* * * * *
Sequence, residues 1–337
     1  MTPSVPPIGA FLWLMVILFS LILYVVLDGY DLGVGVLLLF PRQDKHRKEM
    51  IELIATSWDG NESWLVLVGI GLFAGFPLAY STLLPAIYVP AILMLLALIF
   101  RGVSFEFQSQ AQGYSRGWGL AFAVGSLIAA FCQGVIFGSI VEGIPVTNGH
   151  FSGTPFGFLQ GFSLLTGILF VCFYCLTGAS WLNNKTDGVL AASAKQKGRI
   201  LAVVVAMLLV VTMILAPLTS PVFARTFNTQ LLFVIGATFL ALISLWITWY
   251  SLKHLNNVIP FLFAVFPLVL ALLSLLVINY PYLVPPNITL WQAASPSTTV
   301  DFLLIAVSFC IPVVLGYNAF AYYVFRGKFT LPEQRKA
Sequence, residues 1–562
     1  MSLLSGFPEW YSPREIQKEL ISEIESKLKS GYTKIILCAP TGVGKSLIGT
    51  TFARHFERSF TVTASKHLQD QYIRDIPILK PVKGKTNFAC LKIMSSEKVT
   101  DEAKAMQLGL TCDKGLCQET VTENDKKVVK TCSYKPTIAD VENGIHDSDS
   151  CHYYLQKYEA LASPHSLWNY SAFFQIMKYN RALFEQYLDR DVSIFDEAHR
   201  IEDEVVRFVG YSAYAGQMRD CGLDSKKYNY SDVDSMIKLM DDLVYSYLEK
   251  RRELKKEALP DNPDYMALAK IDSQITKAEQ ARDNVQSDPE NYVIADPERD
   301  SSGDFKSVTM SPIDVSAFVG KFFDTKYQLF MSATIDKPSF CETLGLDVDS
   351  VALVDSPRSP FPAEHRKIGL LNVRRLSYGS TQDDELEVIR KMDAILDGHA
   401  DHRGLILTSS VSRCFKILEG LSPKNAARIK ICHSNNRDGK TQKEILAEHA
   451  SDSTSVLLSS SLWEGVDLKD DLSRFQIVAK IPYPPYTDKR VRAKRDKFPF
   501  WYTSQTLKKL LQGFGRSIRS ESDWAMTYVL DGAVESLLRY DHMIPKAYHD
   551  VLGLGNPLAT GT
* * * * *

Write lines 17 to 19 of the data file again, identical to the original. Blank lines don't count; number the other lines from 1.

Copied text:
   351  VALVDSPRSP FPAEHRKIGL LNVRRLSYGS TQDDELEVIR KMDAILDGHA
   401  DHRGLILTSS VSRCFKILEG LSPKNAARIK ICHSNNRDGK TQKEILAEHA
   451  SDSTSVLLSS SLWEGVDLKD DLSRFQIVAK IPYPPYTDKR VRAKRDKFPF